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Dovetailed Step Stool Newberg OR

Flat wood is essential for successful dovetailing. Boards that are cupped across the grain will be nothing but trouble. Mill rough lumber to 7⁄8 in., taking an even amount off both sides. Sticker the boards so air circulates all around. After a few days, see if the boards are still flat.

The Home Depot
(503)925-8447
20260 SW Pacific Hwy
Sherwood, OR
Hours
Mon-Sat: 6:00am-10:00pm
Sun: 7:00am-8:00pm

The Home Depot
(503)639-3500
14800 SW Sequoia Parkway
Tigard, OR
Hours
Mon-Sat: 6:00am-10:00pm
Sun: 7:00am-8:00pm

The Home Depot
(503)469-4242
4401 Southwest 110th Ave
Beaverton, OR
Hours
Mon-Sat: 6:00am-10:00pm
Sun: 7:00am-8:00pm

R and K Woodworking Rare and Exotic Wood
(503) 330-1155
1913 D Street
Forest Grove, OR

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Columbia Riverwood
(503) 224-9924
1017 SW Morrison St P.O. Box 10461
Portland, OR

Data Provided by:
Woodcraft - Portland, OR
(503) 684-1428
12020 SW Main Street
Tigard, OR

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The Home Depot
(503)693-9090
1950 SE Minter Bridge Rd
Hillsboro, OR
Hours
Mon-Sat: 6:00am-10:00pm
Sun: 7:00am-8:00pm

Rockler Woodworking and Hardware #17
(503) 672-7266
Beaverton Town Square Mall
Beaverton (Portland), OR

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The Home Depot
(503)646-1525
13700 NW Science Pk Dr
Portland, OR
Hours
Mon-Sat: 6:00am-10:00pm
Sun: 7:00am-8:00pm

Goby Walnut Products
(503) 477-6744
5315 NW St. Helens Rd.
Portland, OR

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Dovetailed Step Stool

Dovetailed Step Stool

After I finish a large commission, I like to surprise my client during the holidays with a gift—this sturdy kitchen stepping stool. Making one is a pleasure because it's held together by nothing but dovetails, and I love hand cutting dovetails. A kitchen stool that will face hard use has to be strong. When you stand on the stool and hold onto its tall back for balance, you put extra strain on the joints. That's why this stool is dovetailed throughout, because dovetails make the strongest connection between wide boards. If they fit tight the mechanical interlocking alone is enough to hold boards at a rigid right angle. Adding glue is icing on the cake.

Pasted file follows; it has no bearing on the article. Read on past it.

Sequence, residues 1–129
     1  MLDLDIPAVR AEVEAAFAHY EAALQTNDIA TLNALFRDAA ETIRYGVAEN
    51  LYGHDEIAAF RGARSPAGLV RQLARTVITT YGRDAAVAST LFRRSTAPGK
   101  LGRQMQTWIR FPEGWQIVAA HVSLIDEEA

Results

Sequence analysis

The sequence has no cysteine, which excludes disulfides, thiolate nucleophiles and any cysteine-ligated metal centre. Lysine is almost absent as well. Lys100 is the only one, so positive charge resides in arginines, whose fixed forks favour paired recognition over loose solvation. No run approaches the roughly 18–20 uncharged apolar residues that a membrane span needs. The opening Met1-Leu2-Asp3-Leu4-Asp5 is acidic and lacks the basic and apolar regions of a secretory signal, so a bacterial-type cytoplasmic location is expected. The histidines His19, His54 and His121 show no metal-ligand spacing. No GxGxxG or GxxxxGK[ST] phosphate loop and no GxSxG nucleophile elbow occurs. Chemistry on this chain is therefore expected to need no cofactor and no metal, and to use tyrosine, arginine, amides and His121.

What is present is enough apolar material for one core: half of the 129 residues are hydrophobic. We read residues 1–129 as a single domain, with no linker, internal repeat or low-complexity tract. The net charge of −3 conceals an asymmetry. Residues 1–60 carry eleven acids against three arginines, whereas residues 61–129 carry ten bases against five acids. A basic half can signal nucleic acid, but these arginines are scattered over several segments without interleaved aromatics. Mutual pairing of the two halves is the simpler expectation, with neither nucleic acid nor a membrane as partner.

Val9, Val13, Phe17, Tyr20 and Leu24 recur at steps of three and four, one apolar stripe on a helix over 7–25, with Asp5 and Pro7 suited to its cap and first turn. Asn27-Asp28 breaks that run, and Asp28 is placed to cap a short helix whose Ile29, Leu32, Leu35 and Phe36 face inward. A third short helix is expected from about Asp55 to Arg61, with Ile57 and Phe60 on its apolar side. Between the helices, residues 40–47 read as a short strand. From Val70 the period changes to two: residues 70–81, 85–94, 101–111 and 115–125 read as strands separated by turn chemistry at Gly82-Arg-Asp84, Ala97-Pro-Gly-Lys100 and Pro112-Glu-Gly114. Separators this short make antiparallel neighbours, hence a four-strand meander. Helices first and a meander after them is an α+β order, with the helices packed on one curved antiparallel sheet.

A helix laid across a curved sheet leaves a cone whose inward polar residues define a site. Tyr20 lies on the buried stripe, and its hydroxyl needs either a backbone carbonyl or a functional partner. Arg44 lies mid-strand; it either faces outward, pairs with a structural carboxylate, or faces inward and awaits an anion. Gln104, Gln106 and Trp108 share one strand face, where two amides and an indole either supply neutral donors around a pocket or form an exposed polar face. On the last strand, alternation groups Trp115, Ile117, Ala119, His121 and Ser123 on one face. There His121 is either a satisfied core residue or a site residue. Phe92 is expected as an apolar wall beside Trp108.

You'll need about six board feet of lumber (about $25), to make this stool. The one in these photos is made of cherry, but any wood will do, including pine. You'll also need some tempered hardboard, 1⁄4 in. and 1⁄2 in. plywood for the jigs and a router and router table. After you've made the jigs and tried them out, set aside one weekend to make the stool.You'll find three different kinds of dovetail joints in this stool: a tapered sliding dovetail that goes across the grain, through dovetails and straight-sliding dovetails that go with the grain.

Prepare the Wood
Flat wood is essential for successful dovetailing. Boards that are cupped across the grain will be nothing but trouble. Mill rough lumber to 7⁄8 in., taking an even amount off both sides. Sticker the boards so air circulates all around. After a few days, see if the boards are still flat. Joint again if you have to, and take the wood down to the final thickness of 3⁄4 in. Mill the wood for the back, seat and front from one wide board if you can. The cathedral arch figure will then flow nicely from one piece to another, especially if you center the arches down the middle of the board. Set aside some extra wood for setting up dovetailing operations. Make sure all your wood is exactly the same thickness.

PHOTO 1:
FOLLOW A TEMPLATE with a router to shape the back of the stool. The template is the middle layer of a sandwich that allows your router bit to clear the bench top. Shape the stool's front board with the same template.

 

PHOTO 2:
CUT A PERFECT TAPERED SOCKET with this simple jig. The two pieces of plywood are tapered, so the opening between them is wider at one end than the other.

Make the Template
A good template for the back is worth the effort. (Fig. A) You could lay out the pattern directly onto your 3⁄4-in. wood, but smoothing and sanding it will take more time than preparing a thin template. And having a template will allow you to make multiples. Make the template from 1⁄4-in. tempered hardboard, a material that's tough but easy to shape. A router bearing won't dent it. Cut the hardboard with a jigsaw or bandsaw. Smooth the roughly cut curves with a half-round file. Use a block plan...

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